Previously, I wrote about the fact that there are false teachers in this world. Teachers who might have started well and with Christ as their motivation, but who began building their own empire in this wasteland instead of working to advance God’s kingdom, and instead of teaching the truth, they entice people by teaching what people want to hear. In this context, Peter begins talking about the wickedness that is present within these people and within the world. The crazy thing is that we are all in danger of buying into this sort of wickedness; it is not a danger that belongs to teachers alone.
For example: We might imagine that we dream to start a restaurant. So we start this restaurant and our top priorities are customer service and customer satisfaction. Prices are low and our customers are happy. We become so successful that people can’t get into our building because it’s always so crowded. We must either expand or turn people away.
Since customer service is a high priority, we decide to expand. In order to expand, we must raise prices so that we can afford to build on. Our customers are okay with that because they believe everyone ought to come to our restaurant. So we build on and pay for it, but after we pay for it we do not bring the prices back down. After all, people have been paying this much and we haven’t lost any customers. We have now shifted our attention from customer service and satisfaction to making money. We have taken our concerns off of others and we have become self-centered.
This, essentially is what Peter describes in this chapter, only people have taken their attention off of God and have tried to place themselves in the place of God.
Let’s continue through chapter 2 together:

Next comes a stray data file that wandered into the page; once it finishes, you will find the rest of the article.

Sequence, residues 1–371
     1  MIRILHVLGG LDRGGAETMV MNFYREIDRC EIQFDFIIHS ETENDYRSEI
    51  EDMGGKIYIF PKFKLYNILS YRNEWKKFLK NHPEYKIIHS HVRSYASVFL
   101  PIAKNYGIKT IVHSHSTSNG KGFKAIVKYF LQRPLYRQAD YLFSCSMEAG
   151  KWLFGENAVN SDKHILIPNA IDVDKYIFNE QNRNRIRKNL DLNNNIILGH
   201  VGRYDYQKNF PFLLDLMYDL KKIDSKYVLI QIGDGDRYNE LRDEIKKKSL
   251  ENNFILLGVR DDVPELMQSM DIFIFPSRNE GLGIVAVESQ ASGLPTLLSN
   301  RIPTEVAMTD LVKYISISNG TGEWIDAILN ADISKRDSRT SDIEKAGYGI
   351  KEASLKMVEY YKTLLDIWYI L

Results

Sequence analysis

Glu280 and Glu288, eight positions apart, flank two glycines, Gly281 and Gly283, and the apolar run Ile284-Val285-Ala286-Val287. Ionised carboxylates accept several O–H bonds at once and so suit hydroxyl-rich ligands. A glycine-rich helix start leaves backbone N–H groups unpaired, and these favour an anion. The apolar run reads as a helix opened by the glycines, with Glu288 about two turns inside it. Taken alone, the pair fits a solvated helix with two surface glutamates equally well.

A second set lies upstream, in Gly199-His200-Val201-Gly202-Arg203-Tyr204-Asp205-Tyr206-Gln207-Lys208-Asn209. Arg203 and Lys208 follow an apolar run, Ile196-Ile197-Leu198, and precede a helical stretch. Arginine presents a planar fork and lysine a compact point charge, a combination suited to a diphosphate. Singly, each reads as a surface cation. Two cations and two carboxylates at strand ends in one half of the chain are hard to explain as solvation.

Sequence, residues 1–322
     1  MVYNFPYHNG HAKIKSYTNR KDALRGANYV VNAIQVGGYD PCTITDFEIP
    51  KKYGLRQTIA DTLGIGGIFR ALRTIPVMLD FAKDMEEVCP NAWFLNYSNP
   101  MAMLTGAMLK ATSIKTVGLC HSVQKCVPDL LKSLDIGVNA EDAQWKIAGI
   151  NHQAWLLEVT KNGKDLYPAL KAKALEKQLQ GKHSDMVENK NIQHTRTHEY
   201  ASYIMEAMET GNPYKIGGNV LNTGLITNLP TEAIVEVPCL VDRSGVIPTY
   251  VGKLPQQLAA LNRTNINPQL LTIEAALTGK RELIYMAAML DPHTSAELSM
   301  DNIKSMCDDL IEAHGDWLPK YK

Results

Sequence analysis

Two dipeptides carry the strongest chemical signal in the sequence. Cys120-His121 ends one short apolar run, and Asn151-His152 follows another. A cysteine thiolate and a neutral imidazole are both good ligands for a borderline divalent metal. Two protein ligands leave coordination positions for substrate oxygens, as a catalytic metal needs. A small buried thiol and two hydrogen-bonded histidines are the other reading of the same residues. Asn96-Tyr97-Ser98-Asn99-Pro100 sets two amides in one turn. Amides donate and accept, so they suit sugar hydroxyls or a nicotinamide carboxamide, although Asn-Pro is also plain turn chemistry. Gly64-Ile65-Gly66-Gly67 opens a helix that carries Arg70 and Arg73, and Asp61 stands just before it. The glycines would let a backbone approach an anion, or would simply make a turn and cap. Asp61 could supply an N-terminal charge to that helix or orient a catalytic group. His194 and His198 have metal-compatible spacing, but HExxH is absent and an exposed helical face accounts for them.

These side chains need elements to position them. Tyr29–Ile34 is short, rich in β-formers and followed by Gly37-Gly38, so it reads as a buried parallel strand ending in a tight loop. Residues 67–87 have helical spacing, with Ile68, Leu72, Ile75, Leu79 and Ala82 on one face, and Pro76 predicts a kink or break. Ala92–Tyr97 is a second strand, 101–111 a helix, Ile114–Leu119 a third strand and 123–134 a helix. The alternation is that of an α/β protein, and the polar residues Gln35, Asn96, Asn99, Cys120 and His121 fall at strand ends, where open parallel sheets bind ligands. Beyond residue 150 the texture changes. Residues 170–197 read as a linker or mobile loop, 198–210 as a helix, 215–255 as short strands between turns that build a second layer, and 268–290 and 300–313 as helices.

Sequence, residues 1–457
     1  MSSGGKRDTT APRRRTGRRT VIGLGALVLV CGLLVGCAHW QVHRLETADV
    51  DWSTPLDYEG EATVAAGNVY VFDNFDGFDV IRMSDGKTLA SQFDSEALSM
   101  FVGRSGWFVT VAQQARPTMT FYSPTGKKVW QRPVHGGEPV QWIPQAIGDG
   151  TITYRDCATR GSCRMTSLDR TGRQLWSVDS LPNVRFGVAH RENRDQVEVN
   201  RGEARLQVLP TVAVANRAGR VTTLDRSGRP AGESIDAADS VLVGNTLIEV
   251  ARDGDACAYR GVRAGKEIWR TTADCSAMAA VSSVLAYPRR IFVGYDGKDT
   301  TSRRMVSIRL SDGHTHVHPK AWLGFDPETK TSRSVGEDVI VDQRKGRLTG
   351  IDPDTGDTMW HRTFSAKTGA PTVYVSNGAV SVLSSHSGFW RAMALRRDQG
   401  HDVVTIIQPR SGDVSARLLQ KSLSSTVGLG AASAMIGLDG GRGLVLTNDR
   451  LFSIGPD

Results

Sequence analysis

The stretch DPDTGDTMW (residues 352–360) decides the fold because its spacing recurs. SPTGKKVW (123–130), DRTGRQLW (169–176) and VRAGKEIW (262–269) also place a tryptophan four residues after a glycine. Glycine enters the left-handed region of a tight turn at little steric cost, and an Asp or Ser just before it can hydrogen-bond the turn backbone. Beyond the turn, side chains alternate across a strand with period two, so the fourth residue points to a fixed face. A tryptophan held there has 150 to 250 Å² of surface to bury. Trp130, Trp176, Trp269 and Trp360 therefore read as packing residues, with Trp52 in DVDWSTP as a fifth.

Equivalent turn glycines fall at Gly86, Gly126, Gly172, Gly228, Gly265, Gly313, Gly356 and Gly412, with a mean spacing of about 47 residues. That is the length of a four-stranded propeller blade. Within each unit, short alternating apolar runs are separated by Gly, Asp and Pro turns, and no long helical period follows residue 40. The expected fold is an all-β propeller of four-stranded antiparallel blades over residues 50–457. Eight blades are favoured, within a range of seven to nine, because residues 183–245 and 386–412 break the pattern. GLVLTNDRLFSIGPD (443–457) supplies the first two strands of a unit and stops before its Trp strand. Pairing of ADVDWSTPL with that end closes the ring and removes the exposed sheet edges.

They consider it a pleasure to carouse in the daytime. They are spots and blemishes, delighting in their deceptions as they feast with you. They have eyes full of adultery and are always looking for sin. They seduce unstable people and have hearts trained in greed. Children under a curse! They have gone astray by abandoning the straight path and have followed the path of Balaam, the son of Bosor, who loved the wages of unrighteousness but received a rebuke for his transgression: A donkey that could not talk spoke with a human voice and restrained the prophet’s irrationality.
These people are springs without water, mists driven by a whirlwind. The gloom of darkness has been reserved for them. For by uttering boastful, empty words, they seduce, with fleshly desires and debauchery, people who have barely escaped from those who live in error. They promise them freedom, but they themselves are slaves of corruption, since people are enslaved to whatever defeats them. For if, having escaped the world’s impurity through the knowledge of our Lord and Savior Jesus Christ, they are again entangled in these things and defeated, the last state is worse for them than the first. For it would have been better for them not to have known the way of righteousness than, after knowing it, to turn back from the holy command delivered to them. It has happened to them according to the true proverb: A dog returns to its own vomit, and, “a sow, after washing itself, wallows in the mud.”